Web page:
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How notifications affect engagement with a behaviour change app: Results from a micro-randomised trial

Bell, Lauren; Garnett, C; Bao, Y; Cheng, Z; Qian, T; Perski, Olga; Potts, Henry; (2023) How notifications affect engagement with a behaviour change app: Results from a micro-randomised trial. JMIR mHealth and uHealth , 11 , Article e38342. 10.2196/38342. Green open access

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Abstract

Background: Drink Less is a behavior change app to help higher-risk drinkers in the United Kingdom reduce their alcohol consumption. The app includes a daily notification asking users to “Please complete your drinks and mood diary,” yet we did not understand the causal effect of the notification on engagement nor how to improve this component of Drink Less. We developed a new bank of 30 new messages to increase users’ reflective motivation to engage with Drink Less. This study aimed to determine how standard and new notifications affect engagement. Objective: Our objective was to estimate the causal effect of the notification on near-term engagement, to explore whether this effect changed over time, and to create an evidence base to further inform the optimization of the notification policy. Methods: We conducted a micro-randomized trial (MRT) with 2 additional parallel arms. Inclusion criteria were Drink Less users who consented to participate in the trial, self-reported a baseline Alcohol Use Disorders Identification Test score of ≥8, resided in the United Kingdom, were aged ≥18 years, and reported interest in drinking less alcohol. Our MRT randomized 350 new users to test whether receiving a notification, compared with receiving no notification, increased the probability of opening the app in the subsequent hour, over the first 30 days since downloading Drink Less. Each day at 8 PM, users were randomized with a 30% probability of receiving the standard message, a 30% probability of receiving a new message, or a 40% probability of receiving no message. We additionally explored time to disengagement, with the allocation of 60% of eligible users randomized to the MRT (n=350) and 40% of eligible users randomized in equal number to the 2 parallel arms, either receiving the no notification policy (n=98) or the standard notification policy (n=121). Ancillary analyses explored effect moderation by recent states of habituation and engagement. Results: Receiving a notification, compared with not receiving a notification, increased the probability of opening the app in the next hour by 3.5-fold (95% CI 2.91-4.25). Both types of messages were similarly effective. The effect of the notification did not change significantly over time. A user being in a state of already engaged lowered the new notification effect by 0.80 (95% CI 0.55-1.16), although not significantly. Across the 3 arms, time to disengagement was not significantly different. Conclusions: We found a strong near-term effect of engagement on the notification, but no overall difference in time to disengagement between users receiving the standard fixed notification, no notification at all, or the random sequence of notifications within the MRT. The strong near-term effect of the notification presents an opportunity to target notifications to increase “in-the-moment” engagement. Further optimization is required to improve the long-term engagement. International Registered Report Identifier (IRRID): RR2-10.2196/18690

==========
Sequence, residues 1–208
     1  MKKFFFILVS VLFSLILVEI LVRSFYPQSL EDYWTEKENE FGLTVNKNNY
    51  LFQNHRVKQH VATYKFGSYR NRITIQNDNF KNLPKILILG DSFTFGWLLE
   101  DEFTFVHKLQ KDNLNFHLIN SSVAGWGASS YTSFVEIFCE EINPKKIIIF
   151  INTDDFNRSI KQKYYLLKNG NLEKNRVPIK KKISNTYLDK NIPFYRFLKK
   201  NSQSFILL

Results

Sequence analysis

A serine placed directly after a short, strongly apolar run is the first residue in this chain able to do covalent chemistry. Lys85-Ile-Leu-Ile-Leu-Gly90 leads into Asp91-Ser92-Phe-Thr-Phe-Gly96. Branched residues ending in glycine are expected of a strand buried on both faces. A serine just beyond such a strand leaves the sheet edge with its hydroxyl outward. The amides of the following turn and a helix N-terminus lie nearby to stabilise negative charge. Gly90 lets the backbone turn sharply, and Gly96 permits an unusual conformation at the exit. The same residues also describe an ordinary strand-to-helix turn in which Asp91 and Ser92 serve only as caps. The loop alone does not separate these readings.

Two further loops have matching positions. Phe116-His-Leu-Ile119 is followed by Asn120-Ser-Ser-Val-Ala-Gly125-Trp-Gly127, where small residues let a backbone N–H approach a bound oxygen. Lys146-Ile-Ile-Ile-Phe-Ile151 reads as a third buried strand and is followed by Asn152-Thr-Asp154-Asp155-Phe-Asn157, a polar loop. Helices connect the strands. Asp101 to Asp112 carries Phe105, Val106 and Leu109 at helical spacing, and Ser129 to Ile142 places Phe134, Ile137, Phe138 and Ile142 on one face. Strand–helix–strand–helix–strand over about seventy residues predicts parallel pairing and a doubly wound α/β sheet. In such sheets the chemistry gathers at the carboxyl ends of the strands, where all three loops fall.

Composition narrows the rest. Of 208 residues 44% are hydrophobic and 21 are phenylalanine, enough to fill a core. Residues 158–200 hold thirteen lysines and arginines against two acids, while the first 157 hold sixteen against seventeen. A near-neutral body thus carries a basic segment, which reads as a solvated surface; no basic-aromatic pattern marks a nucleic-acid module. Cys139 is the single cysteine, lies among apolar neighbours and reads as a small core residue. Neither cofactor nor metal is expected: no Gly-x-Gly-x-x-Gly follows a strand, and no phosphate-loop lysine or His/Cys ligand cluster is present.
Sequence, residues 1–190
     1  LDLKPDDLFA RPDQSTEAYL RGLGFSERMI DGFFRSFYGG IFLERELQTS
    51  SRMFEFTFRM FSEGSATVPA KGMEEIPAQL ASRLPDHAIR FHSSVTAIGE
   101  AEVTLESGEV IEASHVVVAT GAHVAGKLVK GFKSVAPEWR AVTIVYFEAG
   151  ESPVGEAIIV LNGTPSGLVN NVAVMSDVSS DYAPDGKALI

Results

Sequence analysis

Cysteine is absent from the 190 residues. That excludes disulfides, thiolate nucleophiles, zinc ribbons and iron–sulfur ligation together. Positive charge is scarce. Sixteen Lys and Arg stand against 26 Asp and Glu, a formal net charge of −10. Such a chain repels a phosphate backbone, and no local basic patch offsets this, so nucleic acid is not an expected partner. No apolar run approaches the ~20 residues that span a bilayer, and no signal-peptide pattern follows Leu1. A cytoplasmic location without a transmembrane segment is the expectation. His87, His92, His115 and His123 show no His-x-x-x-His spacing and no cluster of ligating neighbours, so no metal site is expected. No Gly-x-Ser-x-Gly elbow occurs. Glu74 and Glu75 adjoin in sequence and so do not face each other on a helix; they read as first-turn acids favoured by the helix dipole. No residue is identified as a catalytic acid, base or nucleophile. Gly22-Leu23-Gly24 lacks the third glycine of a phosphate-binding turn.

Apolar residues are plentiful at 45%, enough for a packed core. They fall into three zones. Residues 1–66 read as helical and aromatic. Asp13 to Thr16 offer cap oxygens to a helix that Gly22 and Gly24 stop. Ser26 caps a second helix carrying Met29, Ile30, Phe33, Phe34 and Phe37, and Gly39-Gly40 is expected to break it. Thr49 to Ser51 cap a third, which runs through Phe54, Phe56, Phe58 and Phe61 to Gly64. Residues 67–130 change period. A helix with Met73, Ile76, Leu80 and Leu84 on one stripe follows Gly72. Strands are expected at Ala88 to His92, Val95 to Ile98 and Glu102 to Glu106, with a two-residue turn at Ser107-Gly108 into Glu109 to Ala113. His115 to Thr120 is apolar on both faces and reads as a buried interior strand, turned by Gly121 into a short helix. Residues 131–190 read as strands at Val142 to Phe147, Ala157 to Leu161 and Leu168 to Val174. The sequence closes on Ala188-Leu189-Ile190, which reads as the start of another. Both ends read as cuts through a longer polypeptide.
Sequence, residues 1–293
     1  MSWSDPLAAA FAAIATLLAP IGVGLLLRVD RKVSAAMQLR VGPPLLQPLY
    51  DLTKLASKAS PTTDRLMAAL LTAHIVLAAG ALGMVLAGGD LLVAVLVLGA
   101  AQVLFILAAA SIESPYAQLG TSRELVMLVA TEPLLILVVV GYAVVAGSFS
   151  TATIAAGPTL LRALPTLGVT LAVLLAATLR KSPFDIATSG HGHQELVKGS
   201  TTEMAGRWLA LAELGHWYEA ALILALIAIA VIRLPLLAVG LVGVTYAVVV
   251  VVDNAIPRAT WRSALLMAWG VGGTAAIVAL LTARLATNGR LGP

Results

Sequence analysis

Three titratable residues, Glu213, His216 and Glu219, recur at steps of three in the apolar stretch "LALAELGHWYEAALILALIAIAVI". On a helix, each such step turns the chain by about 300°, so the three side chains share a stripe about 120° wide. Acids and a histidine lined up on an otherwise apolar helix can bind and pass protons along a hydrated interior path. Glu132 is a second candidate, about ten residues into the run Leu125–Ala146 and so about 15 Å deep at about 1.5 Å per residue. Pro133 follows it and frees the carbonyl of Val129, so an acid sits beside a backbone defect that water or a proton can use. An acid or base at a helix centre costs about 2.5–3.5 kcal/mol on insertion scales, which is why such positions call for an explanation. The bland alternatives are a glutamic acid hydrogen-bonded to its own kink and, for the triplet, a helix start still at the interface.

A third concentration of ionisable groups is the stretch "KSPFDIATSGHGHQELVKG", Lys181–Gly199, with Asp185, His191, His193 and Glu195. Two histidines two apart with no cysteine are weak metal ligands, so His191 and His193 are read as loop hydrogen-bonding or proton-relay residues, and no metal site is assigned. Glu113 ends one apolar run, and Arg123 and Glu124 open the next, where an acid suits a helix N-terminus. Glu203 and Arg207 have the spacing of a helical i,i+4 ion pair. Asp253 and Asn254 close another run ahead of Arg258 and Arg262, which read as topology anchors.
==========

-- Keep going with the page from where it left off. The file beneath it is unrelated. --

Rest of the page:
Type: Article
Title: How notifications affect engagement with a behaviour change app: Results from a micro-randomised trial
Open access status: An open access version is available from UCL Discovery
DOI: 10.2196/38342
Publisher version: https://doi.org/10.2196/38342
Language: English
Additional information: This work is licensed under a Creative Commons Attribution 4.0 International License. The images or other third-party material in this article are included in the Creative Commons license, unless indicated otherwise in the credit line; if the material is not included under the Creative Commons license, users will need to obtain permission from the license holder to reproduce the material. To view a copy of this license, visit http://creativecommons.org/licenses/by/4.0/
Keywords: Mobile health; mHealth; digital health; behavior change; behavior change; digital behavior change; engagement; micro-randomized trial; randomized trial; randomization; just-in-time adaptive intervention; adaptive intervention; push notification; notification; excessive alcohol consumption; smartphone app; alcohol; drinking; drinker; mobile phone
UCL classification: UCL
UCL > Provost and Vice Provost Offices > School of Life and Medical Sciences
UCL > Provost and Vice Provost Offices > School of Life and Medical Sciences > Faculty of Population Health Sciences > Institute of Epidemiology and Health
UCL > Provost and Vice Provost Offices > School of Life and Medical Sciences > Faculty of Population Health Sciences > Institute of Health Informatics
UCL > Provost and Vice Provost Offices > School of Life and Medical Sciences > Faculty of Population Health Sciences > Institute of Epidemiology and Health > Behavioural Science and Health
UCL > Provost and Vice Provost Offices > School of Life and Medical Sciences > Faculty of Population Health Sciences > Institute of Health Informatics > CHIME
URI: https://discovery.ucl.ac.uk/id/eprint/10171904
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